No more zeros?
NL Federation of School Councils wants re-assessment of evaluation policy
Let’s put that ‘no zeros’ policy to the test.
That was one of the resolutions passed by school council representatives from across the province at the annual meeting of the Newfoundland and Labrador Federation of School Councils (NLSFC) in Grand Falls-Windsor.
The resolution tabled by Booth Memorial High School Apr. 12 spurred much discussion around the province’s Assessment and Evaluation policy.
The policy, which has been implemented in schools across the province, means teachers are unable to give zeros, or fail students for incomplete work.
The resolution asks government to further examine the policy and provide qualitative and quantitate evidence to show whether or not the policy has had a positive, negative, or neutral overall impact on students.
Dereck Drodge is the chair of the school council that brought forth the resolution. He said he feels the non-zero policy, especially in high schools, does not adequately prepare students for post secondary or the real world where there are hard deadlines and rules individuals must follow to succeed.
“(Our school council) has actually done surveys with people who are out of school we’ve done surveys with people who are in school, and I want the school board itself to do the exact same thing, to put it out there and get a discussion going.
“Now there is a new (provincial) school board, there is a time for getting new policies in place. This is a perfect time to go back and look and say did we do the right thing when we did this the first time.”
In all, the members of the NLSFC voted on over a dozen resolutions during the weekend convention April 4-6.
Among the major resolutions passed by delegates was one proposing a change in provincial legislation to make the current Board of Trustees for the newly-created, province-wide English School District more representative of people living in the school communities by deriving trustees from alreadyelected school councils.
NLSFC president Nathan Whalen indicated, “Right now there are 15 appointed Board of Trustee members. They are appointed by the minister (of education) and they have to make decisions regarding school closures and policies, and they’re not accountable to the general public.
“We’ve provided a potential solution to that, which would be to empower school councils ... at the district level. We want to work with the Government of Newfoundland and Labrador to develop that system ... to change such that it would be more representative of school communities, parents, teachers, students and community members.”
Another resolution focused on the mental health and personal issues that plague youth today, ranging from depression and other metal disorders to things like bullying and substance abuse.
A resolution was passed recommending government to implement a change in the allocation formula for guidance counselors to see one counselor per 333 students, instead of the one counselor per 500 students that exists today.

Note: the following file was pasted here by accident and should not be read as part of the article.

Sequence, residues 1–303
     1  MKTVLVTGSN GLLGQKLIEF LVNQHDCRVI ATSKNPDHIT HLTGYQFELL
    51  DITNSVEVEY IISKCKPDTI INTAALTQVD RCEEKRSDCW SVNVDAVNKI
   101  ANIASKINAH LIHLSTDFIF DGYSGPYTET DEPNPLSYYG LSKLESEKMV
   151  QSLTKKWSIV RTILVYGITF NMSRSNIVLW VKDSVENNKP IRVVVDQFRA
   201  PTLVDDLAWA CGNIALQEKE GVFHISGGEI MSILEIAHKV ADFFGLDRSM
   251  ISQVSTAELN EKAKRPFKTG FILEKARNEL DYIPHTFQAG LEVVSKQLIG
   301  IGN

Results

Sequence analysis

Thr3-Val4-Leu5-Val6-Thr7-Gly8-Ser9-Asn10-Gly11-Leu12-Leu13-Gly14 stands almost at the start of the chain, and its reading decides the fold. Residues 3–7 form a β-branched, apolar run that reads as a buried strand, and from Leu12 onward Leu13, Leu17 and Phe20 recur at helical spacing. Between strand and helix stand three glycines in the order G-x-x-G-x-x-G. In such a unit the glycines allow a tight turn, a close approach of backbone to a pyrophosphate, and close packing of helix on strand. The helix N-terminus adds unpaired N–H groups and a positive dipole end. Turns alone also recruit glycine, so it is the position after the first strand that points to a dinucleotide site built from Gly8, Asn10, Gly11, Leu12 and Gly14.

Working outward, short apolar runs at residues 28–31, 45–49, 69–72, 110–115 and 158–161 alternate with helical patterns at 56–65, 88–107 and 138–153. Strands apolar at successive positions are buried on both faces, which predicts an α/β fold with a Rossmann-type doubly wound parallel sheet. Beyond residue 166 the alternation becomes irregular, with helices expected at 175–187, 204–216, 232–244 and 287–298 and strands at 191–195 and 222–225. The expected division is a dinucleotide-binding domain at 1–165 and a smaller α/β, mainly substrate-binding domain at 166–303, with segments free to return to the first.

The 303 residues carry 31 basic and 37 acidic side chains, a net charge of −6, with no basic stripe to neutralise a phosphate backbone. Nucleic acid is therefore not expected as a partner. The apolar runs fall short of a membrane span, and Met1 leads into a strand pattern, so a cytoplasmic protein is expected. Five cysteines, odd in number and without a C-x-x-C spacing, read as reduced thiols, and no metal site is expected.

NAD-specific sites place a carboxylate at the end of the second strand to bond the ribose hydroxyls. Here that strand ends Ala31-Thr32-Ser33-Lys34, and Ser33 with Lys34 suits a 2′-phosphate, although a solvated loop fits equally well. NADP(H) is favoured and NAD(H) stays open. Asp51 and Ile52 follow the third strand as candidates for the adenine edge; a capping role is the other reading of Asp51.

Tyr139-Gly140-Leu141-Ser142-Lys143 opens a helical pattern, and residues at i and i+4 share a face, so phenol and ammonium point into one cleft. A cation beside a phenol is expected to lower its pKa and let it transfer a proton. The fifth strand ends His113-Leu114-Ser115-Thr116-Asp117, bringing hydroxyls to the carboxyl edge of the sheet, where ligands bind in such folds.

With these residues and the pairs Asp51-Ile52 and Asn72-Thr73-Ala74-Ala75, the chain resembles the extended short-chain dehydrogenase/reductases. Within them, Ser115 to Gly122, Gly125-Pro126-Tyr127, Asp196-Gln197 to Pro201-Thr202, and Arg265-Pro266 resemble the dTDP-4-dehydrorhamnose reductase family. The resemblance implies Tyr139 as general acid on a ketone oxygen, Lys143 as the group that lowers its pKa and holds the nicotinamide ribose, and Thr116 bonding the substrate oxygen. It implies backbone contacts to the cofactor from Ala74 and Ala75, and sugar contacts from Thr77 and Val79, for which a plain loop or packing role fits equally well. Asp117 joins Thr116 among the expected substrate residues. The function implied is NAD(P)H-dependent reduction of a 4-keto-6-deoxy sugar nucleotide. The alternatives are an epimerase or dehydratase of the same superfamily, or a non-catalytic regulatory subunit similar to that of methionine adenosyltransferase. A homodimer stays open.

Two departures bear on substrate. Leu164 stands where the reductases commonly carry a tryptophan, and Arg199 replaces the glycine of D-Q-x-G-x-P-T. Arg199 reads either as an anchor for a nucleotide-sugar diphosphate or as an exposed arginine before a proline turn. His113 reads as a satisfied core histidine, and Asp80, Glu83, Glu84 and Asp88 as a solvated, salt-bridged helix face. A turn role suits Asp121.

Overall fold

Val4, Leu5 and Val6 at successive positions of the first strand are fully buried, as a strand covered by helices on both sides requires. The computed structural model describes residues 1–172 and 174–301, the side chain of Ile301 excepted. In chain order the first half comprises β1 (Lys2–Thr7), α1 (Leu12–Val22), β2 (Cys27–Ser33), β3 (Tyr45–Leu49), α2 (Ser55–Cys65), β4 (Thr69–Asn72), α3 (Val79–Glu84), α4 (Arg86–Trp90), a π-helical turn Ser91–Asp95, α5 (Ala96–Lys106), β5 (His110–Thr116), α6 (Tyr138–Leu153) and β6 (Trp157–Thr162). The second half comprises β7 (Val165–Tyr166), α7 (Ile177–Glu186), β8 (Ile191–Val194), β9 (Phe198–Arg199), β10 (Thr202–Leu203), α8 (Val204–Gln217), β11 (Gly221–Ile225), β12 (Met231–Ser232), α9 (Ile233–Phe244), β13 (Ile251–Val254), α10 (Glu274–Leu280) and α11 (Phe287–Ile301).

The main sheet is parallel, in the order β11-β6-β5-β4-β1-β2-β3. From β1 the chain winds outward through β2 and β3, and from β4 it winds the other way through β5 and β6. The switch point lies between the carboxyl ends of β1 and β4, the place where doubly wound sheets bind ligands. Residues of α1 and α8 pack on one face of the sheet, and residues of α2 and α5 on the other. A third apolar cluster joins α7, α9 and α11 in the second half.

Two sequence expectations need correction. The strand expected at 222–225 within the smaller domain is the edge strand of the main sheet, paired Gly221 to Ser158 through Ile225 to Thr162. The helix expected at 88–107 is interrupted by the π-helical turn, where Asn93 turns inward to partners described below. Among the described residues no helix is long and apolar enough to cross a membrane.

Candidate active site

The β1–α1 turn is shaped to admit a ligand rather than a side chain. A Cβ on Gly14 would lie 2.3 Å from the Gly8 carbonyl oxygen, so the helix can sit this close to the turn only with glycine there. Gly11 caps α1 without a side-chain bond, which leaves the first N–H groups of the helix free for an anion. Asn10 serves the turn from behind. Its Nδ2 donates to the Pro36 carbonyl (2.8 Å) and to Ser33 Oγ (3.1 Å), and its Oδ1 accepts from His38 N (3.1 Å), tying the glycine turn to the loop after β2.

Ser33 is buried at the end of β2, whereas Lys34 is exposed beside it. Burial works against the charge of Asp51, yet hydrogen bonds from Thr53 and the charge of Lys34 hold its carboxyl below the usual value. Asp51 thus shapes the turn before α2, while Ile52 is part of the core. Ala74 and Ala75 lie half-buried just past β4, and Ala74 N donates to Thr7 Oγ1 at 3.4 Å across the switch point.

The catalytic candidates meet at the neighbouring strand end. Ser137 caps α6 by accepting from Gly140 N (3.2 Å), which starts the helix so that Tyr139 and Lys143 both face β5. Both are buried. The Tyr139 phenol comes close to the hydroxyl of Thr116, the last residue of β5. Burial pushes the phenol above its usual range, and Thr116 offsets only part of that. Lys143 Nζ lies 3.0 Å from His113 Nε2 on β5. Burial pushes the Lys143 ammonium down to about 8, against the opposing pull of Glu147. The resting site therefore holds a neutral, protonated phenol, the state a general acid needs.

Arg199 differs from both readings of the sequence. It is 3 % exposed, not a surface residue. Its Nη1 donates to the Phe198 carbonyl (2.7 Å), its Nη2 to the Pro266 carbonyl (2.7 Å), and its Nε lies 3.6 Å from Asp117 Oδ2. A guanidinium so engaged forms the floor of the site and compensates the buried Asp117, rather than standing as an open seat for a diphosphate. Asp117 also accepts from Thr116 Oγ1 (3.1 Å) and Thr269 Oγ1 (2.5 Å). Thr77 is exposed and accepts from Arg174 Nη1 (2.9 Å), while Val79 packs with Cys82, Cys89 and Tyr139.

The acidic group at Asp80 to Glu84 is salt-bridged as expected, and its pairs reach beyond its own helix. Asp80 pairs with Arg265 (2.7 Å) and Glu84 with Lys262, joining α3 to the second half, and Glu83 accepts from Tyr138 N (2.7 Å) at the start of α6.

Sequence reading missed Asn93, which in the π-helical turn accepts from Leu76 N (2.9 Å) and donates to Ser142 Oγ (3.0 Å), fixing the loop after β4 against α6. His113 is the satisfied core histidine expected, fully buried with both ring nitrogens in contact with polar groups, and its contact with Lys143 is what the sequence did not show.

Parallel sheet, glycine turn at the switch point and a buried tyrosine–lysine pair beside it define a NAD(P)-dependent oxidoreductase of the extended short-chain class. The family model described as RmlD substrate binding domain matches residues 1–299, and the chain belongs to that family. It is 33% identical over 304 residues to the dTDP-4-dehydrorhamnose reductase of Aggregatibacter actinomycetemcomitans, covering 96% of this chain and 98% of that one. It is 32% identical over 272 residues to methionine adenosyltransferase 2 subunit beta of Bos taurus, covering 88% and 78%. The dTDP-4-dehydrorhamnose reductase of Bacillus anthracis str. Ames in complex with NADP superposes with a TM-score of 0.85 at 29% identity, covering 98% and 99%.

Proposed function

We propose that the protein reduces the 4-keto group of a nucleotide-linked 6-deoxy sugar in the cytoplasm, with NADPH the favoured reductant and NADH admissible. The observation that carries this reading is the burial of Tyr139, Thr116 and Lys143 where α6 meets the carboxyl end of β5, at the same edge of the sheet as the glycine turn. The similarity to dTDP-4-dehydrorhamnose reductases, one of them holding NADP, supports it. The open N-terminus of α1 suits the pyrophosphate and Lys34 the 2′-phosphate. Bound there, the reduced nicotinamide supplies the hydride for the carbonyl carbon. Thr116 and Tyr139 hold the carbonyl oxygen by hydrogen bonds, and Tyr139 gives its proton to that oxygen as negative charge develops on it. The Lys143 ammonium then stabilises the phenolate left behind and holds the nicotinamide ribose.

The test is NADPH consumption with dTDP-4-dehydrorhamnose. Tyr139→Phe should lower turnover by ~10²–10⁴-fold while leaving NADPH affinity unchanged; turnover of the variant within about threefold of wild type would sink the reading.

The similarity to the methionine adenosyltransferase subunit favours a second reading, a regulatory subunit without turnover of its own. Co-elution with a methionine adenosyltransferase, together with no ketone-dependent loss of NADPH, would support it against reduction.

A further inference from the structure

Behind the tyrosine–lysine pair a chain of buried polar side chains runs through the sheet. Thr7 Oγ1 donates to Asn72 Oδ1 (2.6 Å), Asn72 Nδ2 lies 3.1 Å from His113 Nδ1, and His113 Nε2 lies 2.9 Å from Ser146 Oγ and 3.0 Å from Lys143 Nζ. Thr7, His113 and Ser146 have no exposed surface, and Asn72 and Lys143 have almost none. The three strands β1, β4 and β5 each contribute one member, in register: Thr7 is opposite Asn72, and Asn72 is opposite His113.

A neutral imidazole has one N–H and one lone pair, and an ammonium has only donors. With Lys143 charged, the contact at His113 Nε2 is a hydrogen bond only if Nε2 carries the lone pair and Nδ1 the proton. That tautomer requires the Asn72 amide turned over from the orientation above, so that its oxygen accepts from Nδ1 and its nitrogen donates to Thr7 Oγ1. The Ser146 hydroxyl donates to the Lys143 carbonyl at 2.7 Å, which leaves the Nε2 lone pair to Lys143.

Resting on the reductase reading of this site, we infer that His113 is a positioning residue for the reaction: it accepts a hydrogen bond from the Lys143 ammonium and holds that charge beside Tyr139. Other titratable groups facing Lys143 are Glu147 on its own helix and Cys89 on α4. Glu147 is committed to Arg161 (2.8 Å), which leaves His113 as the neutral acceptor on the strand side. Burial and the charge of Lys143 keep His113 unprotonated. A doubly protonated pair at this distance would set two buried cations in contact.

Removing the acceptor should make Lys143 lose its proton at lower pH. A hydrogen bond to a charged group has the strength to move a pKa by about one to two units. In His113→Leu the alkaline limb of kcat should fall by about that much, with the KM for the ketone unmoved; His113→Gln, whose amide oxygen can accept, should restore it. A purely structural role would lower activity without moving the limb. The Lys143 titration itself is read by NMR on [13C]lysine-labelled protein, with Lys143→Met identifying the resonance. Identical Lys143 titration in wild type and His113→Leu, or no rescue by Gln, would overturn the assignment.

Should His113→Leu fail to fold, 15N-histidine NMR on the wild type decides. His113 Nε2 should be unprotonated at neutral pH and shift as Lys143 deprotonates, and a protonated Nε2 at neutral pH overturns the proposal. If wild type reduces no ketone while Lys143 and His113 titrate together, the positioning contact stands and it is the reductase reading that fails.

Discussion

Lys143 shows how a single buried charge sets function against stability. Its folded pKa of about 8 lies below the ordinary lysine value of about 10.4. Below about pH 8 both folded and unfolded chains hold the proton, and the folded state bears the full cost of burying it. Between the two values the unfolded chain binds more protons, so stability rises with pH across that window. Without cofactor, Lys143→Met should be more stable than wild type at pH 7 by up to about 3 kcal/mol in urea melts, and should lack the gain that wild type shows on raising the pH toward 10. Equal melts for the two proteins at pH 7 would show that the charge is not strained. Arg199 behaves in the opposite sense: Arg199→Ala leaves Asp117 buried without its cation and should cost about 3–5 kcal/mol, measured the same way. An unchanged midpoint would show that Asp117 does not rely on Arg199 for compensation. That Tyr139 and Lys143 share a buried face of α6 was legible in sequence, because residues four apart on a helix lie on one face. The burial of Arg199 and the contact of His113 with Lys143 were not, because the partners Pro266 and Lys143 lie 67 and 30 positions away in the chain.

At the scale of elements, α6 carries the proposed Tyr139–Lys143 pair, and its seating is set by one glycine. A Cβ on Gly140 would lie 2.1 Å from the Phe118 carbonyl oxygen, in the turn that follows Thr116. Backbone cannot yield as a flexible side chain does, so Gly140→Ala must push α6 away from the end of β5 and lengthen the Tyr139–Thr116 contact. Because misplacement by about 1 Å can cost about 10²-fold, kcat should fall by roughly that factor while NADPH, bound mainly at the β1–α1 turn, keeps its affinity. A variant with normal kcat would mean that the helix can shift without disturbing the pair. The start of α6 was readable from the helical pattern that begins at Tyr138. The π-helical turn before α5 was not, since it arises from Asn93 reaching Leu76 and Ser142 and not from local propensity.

In order to further increase access to guidance services, a second resolution calls for an increase in the number of educational psychologists, counselors and other resources in to address the needs of students in all grades.
Mr. Whelan explained, “Other Atlantic Canadian provinces have a large number of educational psychologists to help deal with the counseling needs of students. We actually do have some educational psychologists (in Newfoundland and Labrador), however; there are so few that it doesn’t adequately meet the needs whatsoever.
“What we have realized is that the guidance counselors have to complete something called a comprehensive assessment of students with exceptionalities. That guidance councilor spends 20 hours of their time trying to assess one student. That means that’s 20 hours less time then they have to counsel students. It’s really important that we remove that and give that responsibility to an educational psychologist like they’re doing in other jurisdictions.”
Other resolutions passed by the NLFSC dealt with cuts to resources, both monetary and human, by government in recent years.
“We’re really concerned about making sure our students today as the system stands can be supported, and they’re not being supported,” Mr. Whalen said.
“In last year’s budget, (the government) cut 160 teachers out of our school system and we reduced the number of principals and assistant principals. Today we’ve reiterated the increased needs in our school system that (government) has not addressed with the necessary teachers that are required to support our students to achieve.”
Mr. Whalen, who is in the second year of his two-year term as president of the NLFSC, said he was pleased with the way the AGM progressed.
“I think there was a lot of enthusiasm here, and I think people are excited to go back to their schools, share what they’ve learned and create more public discourse sur- rounding public education.”
The resolutions passed at the convention will be presented to the Department of Education.
Mr. Whalen said the NLFSC will continue to lobby for these changes over the next year.
A report on this weekend’s meetings, including a list of resolutions will be published on the NLFSC website at ‘www.schoolcouncilsnl.ca’ in the coming days.
Grand Falls-Windsor Advertiser
From left, Newfoundland and Labrador Federation of School Councils (NLFSC) executive director Denise Pike, Jeanne Stapleton, representing Holy Trinity Elementary School in Torbay, and Siobhan Foley-Lambert, representing Bishop’s College in St. John’s,...